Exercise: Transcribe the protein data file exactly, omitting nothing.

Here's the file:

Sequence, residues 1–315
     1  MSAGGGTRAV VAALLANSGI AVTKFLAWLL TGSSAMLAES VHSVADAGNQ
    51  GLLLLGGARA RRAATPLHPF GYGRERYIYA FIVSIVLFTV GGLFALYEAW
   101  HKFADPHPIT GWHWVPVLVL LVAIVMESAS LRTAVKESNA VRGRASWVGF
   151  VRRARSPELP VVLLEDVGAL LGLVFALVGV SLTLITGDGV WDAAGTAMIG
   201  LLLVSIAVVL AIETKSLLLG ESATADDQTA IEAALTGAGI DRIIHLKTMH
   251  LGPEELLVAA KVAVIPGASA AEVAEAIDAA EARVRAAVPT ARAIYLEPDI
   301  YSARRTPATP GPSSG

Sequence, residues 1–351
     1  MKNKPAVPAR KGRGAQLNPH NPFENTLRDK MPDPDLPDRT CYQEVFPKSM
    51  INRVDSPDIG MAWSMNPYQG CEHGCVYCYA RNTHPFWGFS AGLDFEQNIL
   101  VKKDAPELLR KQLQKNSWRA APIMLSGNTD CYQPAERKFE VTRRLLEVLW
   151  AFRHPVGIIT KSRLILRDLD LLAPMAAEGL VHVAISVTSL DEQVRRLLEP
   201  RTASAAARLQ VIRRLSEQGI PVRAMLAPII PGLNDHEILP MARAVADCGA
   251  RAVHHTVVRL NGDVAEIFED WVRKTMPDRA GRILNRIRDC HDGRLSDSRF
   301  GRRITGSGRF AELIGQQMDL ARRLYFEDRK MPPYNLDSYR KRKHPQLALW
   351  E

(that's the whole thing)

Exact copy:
Sequence, residues 1–315
     1  MSAGGGTRAV VAALLANSGI AVTKFLAWLL TGSSAMLAES VHSVADAGNQ
    51  GLLLLGGARA RRAATPLHPF GYGRERYIYA FIVSIVLFTV GGLFALYEAW
   101  HKFADPHPIT GWHWVPVLVL LVAIVMESAS LRTAVKESNA VRGRASWVGF
   151  VRRARSPELP VVLLEDVGAL LGLVFALVGV SLTLITGDGV WDAAGTAMIG
   201  LLLVSIAVVL AIETKSLLLG ESATADDQTA IEAALTGAGI DRIIHLKTMH
   251  LGPEELLVAA KVAVIPGASA AEVAEAIDAA EARVRAAVPT ARAIYLEPDI
   301  YSARRTPATP GPSSG

Sequence, residues 1–351
     1  MKNKPAVPAR KGRGAQLNPH NPFENTLRDK MPDPDLPDRT CYQEVFPKSM
    51  INRVDSPDIG MAWSMNPYQG CEHGCVYCYA RNTHPFWGFS AGLDFEQNIL
   101  VKKDAPELLR KQLQKNSWRA APIMLSGNTD CYQPAERKFE VTRRLLEVLW
   151  AFRHPVGIIT KSRLILRDLD LLAPMAAEGL VHVAISVTSL DEQVRRLLEP
   201  RTASAAARLQ VIRRLSEQGI PVRAMLAPII PGLNDHEILP MARAVADCGA
   251  RAVHHTVVRL NGDVAEIFED WVRKTMPDRA GRILNRIRDC HDGRLSDSRF
   301  GRRITGSGRF AELIGQQMDL ARRLYFEDRK MPPYNLDSYR KRKHPQLALW
   351  E